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Quick Hits

January 4, 2011

– Per @Naparstek’s suggestion, add the phrase “…except for bicycles” into most sentences of this New York Times article on increased transit costs and you’ve got a game that’s as fun as adding “…in bed” to fortune cookies.  To wit: “Transportation, by wheel, foot or hoof, has become one of the fastest-growing costs of city life, and in 2010, no mode in New York City seemed immune…except for bicycles.

NY1 has named Janette Sadik-Khan their NYer of the Year.  The piece on the DOT head includes the requisite quote from Norman Steisel:

“Just five months since the bike lanes were opened, we’ve received eyewitness accounts of 10 vehicular accidents on Prospect Park West, which compares to an annual average rate of 8.8 for the preceding four years,” said bike lane opponent Norman Steisel.

Give NY1 credit for calling a duck a duck.  This is the first time that I can recall Steisel being correctly identified as a “bike lane opponent” rather than as someone who is in favor of better bike lanes, whatever that means.  Steisel pulls out the old trick of citing unverifiable, anecdotal “eyewitness accounts” of PPW accidents, which, as Tom Vanderbilt notes, include no information on severity or type of crash.  Tellingly, even though NBBL is happy to tell anyone who will listen that there was a previous average rate of 8.8 accidents they never saw the need to do something about it until the DOT, CB6, and others did it for them.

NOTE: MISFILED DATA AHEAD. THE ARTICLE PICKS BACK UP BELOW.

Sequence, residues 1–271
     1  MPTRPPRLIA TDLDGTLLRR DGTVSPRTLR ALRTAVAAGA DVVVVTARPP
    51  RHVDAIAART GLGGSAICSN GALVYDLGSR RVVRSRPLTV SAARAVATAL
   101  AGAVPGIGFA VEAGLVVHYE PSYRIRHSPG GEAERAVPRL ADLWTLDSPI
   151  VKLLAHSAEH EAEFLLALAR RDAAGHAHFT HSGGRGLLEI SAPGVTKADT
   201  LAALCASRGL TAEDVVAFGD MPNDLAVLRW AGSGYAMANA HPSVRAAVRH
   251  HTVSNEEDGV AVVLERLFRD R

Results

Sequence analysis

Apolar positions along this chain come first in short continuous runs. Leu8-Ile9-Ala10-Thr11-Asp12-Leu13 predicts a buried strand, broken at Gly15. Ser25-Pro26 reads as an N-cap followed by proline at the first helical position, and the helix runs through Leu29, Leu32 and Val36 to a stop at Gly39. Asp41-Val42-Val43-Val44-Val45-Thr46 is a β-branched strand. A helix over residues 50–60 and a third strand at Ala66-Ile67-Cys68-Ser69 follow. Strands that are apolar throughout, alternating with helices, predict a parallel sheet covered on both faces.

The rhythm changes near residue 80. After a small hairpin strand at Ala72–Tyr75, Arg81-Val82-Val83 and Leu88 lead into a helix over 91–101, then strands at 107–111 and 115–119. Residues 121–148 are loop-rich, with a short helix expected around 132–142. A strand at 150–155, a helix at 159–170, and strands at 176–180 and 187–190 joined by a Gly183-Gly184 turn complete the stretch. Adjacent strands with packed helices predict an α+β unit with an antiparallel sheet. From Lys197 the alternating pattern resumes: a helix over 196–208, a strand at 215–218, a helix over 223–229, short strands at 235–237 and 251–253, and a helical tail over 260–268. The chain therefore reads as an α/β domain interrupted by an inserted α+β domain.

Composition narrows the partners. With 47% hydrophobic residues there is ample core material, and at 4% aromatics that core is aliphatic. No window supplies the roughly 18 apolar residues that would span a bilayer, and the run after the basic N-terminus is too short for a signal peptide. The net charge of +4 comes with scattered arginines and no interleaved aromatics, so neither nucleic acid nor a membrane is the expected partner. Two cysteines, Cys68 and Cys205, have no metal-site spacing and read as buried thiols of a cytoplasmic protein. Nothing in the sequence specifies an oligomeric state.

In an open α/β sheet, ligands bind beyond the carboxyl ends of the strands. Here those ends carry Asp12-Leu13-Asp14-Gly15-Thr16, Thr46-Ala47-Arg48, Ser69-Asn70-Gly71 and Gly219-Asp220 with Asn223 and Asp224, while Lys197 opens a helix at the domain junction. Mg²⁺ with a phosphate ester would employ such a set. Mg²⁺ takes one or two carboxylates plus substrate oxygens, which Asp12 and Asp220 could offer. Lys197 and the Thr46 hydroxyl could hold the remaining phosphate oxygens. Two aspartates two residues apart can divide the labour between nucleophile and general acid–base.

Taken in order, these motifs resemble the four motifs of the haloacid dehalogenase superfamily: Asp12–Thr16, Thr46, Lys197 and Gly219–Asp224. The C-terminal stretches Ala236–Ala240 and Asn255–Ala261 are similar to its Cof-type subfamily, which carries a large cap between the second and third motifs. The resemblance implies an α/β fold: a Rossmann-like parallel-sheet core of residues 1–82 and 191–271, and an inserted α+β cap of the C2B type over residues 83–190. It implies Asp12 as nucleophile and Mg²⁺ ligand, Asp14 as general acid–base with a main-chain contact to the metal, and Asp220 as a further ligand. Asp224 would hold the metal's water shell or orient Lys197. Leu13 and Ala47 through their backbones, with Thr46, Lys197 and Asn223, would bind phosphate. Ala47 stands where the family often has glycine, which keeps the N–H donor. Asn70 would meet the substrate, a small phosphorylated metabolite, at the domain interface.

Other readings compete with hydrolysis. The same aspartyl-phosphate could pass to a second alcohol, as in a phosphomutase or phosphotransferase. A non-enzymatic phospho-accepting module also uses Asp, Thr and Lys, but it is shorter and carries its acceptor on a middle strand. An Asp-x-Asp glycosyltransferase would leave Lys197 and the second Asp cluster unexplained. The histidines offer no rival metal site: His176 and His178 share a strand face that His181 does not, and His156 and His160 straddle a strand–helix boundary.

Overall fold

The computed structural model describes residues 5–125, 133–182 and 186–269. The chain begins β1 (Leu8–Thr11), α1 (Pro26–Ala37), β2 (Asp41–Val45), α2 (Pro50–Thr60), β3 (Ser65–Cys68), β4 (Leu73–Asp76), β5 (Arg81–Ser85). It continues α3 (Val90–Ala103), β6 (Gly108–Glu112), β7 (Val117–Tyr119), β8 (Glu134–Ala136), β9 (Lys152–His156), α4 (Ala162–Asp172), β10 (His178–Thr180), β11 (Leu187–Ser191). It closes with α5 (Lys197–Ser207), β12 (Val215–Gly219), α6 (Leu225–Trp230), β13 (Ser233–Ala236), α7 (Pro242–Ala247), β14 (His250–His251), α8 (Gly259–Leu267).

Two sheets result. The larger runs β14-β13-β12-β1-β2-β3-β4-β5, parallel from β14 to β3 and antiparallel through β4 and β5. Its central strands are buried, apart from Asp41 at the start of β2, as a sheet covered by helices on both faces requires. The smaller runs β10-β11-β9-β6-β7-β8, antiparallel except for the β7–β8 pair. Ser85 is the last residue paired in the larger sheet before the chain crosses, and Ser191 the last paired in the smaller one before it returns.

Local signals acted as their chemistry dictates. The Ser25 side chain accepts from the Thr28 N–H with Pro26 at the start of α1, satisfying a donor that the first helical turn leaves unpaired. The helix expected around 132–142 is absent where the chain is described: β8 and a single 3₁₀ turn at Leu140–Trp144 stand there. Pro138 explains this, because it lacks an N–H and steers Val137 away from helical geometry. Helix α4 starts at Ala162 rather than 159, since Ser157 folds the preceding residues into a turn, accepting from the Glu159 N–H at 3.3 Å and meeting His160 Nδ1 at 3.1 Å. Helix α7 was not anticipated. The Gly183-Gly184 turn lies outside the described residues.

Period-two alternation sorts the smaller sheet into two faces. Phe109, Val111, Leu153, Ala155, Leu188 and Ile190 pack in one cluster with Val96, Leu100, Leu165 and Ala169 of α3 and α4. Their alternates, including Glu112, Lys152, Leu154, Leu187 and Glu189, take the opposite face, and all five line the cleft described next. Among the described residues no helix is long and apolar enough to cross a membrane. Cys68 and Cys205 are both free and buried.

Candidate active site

– Also in PPW news, the bike lane was still unplowed as of yesterday, although that may have changed.  As Ben Fried at Streetsblog notes, “In the eyes of the opposition, NYC’s bikeways are damned if they get plowed, and damned if they don’t.”  I guarantee you that at the next CB6 meeting, someone from NBBL will present the lovely Catch-22 that an unplowed, impassable bike lane that no one can use is proof that the bike lane is useless.  If you build it, but then don’t plow it, they won’t come.

City Council member David Greenfield rails against Bloomberg for clearing the Ocean Parkway malls before the roads.  Two things might make his complaint true, but they both require you to live in an alternate New York universe.  First, you have to ignore the fact that the Parks Department, not Sanitation, is responsible for the OP malls.  (Unlike the PPW bike lane, which is under Sanitation’s purview yet remains snowed over.)  The other inconvenient fact is that those “bike lanes” are actually shared sidewalks and bike ways with benches used by the a large number of the area’s elderly population.  But other than that, Greenfield is correct.  Remember when you watch the video and see Greenfield complain that the oil truck can’t get down the side street that this is the City Council member who wanted to add more parking spaces to city streets by reducing the space around fire hydrants.

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